Robert “Bobby” Melok is familiar with the stress of an impending deadline. As the digital content producer at World Wrestling Entertainment (WWE), his job required him to meet several deadlines. However, as a graduate of Montclair State University and former editor-in-chief of The Montclarion, Melok believed that both experiences prepared him to handle stressful situations and overall achieve his dream job.
“Montclair State helped to prepare me for my career in digital media,” Melok said. “I wouldn’t be where I am today without everything that I did [here] in the broadcasting department and at The Montclarion. I wouldn’t be who I am or where I am today.”
As a young boy, Melok grew up watching wrestling and admits to being a fan for “all his life.” Still, the older that he got, he thought his dreams of working in the wrestling industry, especially WWE, might not be possible.
However, Melok worked hard during his college years as an intern at CBS News Productions and assistant sports editor for The Montclarion before being promoted to sports editor and eventually the editor-in-chief from 2008 to 2009.
“I started out my freshman year as the assistant sports editor covering all the Red Hawk sports,” Melok said. “I went on to become the sports editor for two years, and my senior year I was the editor-in-chief of the school newspaper.”
The same time Melok became editor-in-chief, The Montclarion was becoming independent.
“That was the year that The Montclarion became independent from the Student Government Association (SGA) and was an independent newspaper,” Melok said. “So, it was a very busy senior year.”
According to American Civil Liberties Union of New Jersey (ACLU-New Jersey) website, The Montclarion became an independent student newspaper after its funds were frozen by the former SGA president because of rising tensions between the organizations.
The ACLU-New Jersey, which represented The Montclarion, sent a letter to the SGA and Montclair State’s attorneys and demanded that the funds be unfrozen – or it would file a lawsuit. Eventually, on June 1, 2008, President Susan Cole declared that the newspaper would become independent which followed an SGA vote of 8-7 to unfreeze The Montclarion’s funding.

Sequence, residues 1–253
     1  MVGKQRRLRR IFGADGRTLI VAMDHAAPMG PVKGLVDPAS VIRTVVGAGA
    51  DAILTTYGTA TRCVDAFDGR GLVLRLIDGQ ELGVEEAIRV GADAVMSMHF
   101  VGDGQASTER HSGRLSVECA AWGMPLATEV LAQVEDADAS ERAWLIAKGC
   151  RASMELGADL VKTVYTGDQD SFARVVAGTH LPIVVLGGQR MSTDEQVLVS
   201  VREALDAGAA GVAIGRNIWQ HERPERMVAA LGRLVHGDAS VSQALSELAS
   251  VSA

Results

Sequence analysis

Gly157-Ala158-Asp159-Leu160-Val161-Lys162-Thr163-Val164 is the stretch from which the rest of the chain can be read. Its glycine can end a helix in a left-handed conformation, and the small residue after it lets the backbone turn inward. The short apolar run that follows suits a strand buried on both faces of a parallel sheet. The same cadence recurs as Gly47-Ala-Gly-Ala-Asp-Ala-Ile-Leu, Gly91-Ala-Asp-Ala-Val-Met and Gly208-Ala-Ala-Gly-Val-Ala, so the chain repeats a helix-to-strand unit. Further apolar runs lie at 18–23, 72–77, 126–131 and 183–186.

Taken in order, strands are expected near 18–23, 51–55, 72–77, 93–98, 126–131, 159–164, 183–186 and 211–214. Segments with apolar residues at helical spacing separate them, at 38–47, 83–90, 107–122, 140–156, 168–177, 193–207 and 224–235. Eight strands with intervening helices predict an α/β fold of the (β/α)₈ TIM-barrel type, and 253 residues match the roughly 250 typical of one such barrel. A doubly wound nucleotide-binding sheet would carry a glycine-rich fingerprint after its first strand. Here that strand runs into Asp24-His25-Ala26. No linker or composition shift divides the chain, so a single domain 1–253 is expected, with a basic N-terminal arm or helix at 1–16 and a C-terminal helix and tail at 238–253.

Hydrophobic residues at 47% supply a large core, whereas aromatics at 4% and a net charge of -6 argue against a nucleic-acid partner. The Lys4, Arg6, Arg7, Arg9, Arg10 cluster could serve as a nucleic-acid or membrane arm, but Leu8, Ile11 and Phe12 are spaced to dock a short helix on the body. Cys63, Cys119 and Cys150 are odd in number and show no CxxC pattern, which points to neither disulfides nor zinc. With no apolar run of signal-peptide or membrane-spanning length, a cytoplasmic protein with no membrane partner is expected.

Even though Melok became in charge of the newspaper after it became independent, he faced many hardships like the publication of a controversial comic strip regarding the then-Democratic presidential candidate Barack Obama that many found offensive.
Following the publication, Melok and the other editors issued a campus-wide apology to the student body. As well, after Melok was denied access to a closed-session meeting of the SGA under the Open Public Meetings Acts, The Montclarion filed a second lawsuit against the SGA with the help of the ACLU-New Jersey.
“Looking back on it, it prepared me more than I ever could have known,” Melok said. “It taught me how to be a good leader. I had my ups and downs. There probably were moments when I wasn’t the best editor-in-chief and the people that I worked with will tell you that, but it taught me how to be a leader, responsible, work with others and be a team player, and that is stuff that I deal with every day, and I look back on that and I think, ‘Okay, that helped me get here.’”
Eric Srickland, who worked with Melok as the production editor of the newspaper, credited Melok with moving the school newspaper into a new era.
“Bobby led us into a new frontier as I’ll call it because he was the first editor-in-chief to lead us after we were no longer an organization under the SGA,” Srickland wrote via a direct message. “That was the first semester [that] was full of firsts…it was his calm, cool and collected attitude that got us through that first year of being an independent organization.”
Recently Melok was selected to participate in a panel with five other alumni on their experience in the work field in the School of Communication and Media on April 11. Moderator Marc Rosenweig, a retired professor and former advisor of The Montclarion, was one of the professors that Melok credited with helping him forward his career.
“When he became editor-in-chief of The Montclarion, he asked me if I would be the facility advisor,” Rosenweig said after the event. “I was very happy to do that, having worked on my campus paper when I was in college.”
Rosenweig’s time as the faculty advisor was well-spent.
“I got to work very closely with Bobby, the other editors and students coming on board to try to steer them in the right direction, the best practices in journalism and making it a good experience for them,” Rosenweig said. “[Melok] and I spent a lot of time working together, so I knew that he would be a good role model for students.”